Business buoyed by rising sales
More businesses say their profits and sales are improving than at any time in at least the last 20 years, while there remains no trace of inflation.
The National Australia Bank’s monthly business survey shows 21 per cent more businesses say trading conditions have improved than those who say they are worse, the biggest margin since the monthly survey began in 1997.
Even in the troubled retailing sector, views about whether conditions are improving or not are now evenly split, halting a downward trend evident since the middle of the year.
Economists were cautious about placing too much weight on the survey result, noting that the biggest improvement had come from manufacturing, which did not seem plausible.
NAB head of Australian economics Riki Polygenis noted the gains appeared to be driven by building materials manufacturers, predominantly in NSW, where very strong growth in building and infrastructure construction was driving demand.
“Even if it comes back to September levels next month, it is consistent with a very strong trend, broadening across industries,” she said.
Business conditions are strongest in NSW but rose in all states except South Australia and are at elevated levels everywhere except Western Australia where the number of firms reporting improved trading evenly match those suffering a downturn.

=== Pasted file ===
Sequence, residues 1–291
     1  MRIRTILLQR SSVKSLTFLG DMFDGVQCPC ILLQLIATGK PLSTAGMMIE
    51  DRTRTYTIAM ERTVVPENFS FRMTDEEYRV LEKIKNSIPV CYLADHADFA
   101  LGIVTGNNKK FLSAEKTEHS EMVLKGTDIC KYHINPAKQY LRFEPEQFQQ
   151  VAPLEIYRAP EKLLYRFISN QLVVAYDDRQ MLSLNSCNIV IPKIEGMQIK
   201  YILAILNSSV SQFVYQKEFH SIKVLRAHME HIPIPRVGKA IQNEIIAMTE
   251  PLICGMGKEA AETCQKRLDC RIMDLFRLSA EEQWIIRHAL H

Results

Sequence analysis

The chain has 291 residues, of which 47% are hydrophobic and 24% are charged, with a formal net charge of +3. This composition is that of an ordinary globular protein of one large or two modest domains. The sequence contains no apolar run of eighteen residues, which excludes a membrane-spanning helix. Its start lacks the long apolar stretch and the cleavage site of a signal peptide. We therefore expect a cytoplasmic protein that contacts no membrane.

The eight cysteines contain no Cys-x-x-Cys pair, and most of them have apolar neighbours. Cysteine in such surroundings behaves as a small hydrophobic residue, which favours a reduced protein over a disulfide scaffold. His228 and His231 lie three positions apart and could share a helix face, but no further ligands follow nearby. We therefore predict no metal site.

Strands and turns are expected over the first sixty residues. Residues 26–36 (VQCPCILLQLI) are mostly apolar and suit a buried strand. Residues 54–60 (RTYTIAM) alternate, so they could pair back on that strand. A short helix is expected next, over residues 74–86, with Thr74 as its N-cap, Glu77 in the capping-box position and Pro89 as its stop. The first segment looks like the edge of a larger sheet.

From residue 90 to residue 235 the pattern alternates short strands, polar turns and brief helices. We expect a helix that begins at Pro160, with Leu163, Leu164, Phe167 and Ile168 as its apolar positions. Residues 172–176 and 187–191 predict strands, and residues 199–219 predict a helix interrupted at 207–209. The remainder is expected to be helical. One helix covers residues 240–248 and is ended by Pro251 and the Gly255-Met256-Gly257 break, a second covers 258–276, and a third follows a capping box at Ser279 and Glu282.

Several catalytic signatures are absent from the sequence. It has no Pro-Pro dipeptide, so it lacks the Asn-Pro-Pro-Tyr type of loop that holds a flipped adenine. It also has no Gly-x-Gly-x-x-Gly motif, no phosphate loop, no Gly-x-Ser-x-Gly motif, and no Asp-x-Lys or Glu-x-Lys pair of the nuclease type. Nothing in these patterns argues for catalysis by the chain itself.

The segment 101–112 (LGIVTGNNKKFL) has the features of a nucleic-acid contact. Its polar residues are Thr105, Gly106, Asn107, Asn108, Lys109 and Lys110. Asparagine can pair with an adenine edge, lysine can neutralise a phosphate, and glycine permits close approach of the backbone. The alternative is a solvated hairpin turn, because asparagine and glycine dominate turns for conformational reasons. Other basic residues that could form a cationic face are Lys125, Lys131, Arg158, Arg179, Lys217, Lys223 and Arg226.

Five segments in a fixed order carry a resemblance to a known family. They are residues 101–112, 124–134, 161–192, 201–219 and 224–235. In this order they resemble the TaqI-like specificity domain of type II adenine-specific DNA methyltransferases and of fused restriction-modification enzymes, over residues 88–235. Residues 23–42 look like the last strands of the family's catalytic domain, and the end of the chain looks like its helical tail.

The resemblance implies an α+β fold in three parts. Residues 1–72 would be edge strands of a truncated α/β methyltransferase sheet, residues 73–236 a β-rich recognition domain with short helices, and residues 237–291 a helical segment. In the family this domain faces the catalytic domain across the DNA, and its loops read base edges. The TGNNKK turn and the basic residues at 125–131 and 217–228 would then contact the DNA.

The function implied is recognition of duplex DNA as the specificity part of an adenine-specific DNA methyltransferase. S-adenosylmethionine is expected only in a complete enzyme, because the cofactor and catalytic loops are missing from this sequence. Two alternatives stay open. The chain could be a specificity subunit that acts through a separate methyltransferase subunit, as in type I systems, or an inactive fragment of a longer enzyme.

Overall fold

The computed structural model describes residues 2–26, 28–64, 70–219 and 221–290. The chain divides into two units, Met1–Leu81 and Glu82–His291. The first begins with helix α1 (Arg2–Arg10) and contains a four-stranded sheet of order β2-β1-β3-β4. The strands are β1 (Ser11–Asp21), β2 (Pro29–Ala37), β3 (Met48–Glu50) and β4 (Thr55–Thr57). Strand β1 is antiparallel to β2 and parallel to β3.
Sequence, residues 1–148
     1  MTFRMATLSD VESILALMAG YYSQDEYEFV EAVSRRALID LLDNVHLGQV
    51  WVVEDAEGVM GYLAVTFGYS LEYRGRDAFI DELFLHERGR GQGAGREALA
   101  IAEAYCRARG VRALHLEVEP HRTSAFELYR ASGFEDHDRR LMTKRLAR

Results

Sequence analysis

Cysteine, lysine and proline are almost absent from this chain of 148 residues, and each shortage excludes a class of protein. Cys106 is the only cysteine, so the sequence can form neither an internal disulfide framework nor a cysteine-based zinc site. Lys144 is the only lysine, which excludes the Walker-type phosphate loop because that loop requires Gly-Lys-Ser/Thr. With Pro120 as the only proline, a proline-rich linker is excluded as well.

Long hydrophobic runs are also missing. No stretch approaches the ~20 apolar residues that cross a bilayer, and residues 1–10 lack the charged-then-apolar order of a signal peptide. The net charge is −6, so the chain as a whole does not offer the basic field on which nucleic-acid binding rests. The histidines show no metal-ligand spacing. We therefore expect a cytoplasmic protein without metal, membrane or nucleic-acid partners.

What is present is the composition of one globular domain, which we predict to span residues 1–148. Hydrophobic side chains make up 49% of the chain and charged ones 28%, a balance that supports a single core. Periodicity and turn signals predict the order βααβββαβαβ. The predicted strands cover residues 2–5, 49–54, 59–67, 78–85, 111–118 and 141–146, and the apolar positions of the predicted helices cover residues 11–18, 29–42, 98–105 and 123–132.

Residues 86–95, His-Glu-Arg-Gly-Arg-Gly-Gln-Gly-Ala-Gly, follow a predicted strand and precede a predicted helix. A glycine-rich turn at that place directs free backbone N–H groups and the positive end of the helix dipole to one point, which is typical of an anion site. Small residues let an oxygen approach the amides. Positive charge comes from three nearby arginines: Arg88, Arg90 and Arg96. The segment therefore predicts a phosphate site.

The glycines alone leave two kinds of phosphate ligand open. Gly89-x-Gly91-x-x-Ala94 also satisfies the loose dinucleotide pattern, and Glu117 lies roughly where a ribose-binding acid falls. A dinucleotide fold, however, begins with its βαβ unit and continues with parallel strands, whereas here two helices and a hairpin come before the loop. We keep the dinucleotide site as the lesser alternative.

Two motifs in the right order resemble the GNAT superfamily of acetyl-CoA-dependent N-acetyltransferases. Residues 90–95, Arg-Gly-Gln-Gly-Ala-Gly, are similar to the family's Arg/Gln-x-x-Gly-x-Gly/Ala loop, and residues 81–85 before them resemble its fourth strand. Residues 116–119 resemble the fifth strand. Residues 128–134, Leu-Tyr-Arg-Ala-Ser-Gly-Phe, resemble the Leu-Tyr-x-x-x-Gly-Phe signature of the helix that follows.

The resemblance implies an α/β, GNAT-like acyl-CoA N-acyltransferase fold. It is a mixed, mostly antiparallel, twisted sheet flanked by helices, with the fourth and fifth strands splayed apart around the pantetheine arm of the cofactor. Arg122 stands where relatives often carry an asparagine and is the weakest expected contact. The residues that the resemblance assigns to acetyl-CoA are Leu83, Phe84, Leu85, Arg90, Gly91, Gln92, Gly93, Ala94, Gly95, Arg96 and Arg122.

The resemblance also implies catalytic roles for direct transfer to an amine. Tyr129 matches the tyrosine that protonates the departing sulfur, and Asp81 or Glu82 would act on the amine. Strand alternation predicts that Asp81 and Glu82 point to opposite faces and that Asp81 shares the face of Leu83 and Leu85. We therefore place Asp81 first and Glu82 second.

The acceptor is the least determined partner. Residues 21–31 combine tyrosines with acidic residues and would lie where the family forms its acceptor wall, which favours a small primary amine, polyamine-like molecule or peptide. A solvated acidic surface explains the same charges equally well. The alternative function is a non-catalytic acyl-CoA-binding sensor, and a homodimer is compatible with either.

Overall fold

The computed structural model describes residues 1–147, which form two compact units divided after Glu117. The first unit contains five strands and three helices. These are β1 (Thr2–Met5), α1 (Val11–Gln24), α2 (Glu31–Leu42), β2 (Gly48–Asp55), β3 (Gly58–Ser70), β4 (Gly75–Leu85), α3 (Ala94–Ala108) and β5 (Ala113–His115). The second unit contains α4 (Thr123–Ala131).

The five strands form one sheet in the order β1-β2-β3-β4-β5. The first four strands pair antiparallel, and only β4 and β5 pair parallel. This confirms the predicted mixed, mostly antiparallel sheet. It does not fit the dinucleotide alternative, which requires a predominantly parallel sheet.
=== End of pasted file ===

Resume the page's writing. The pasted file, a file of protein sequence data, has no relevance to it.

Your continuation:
A net 7 per cent of firms are increasing hiring, the same level as in September.
The Reserve Bank’s latest economic review highlights strong measures of business conditions in support of its view that business investment is lifting. The NAB survey shows a net 12 per Grail simply arriving with a company tax cut. Changes on a canvas of this kind are not going to drop from any department. You will not find them falling from a Treasury printer.
“They require imagination — the principal tool that was employed in underwriting the 80s and 90s changes.”
Mr Keating said the economy was “crying out for liberating forces” similar to those employed during the 80s and 90s. He said that period had paved the way for the 26 subsequent years of continuous growth, during which Australia’s GDP had doubled, exceeding the growth of any other major advanced economy, while real incomes had risen by two-thirds and the net wealth of Australian households had risen more than sevenfold.
Mr Keating said it would be important that Australia maintained a commitment to equity and inclusion as it managed the transformation of technology. “We can see in America today what the loss of these balances means, watching the extremes of income and wealth rip at the fabric of American society.” cent of businesses are increasing their investment.
A smaller number of businesses say they are confident that the strong conditions will continue. A net 8 per cent of businesses report improved confidence.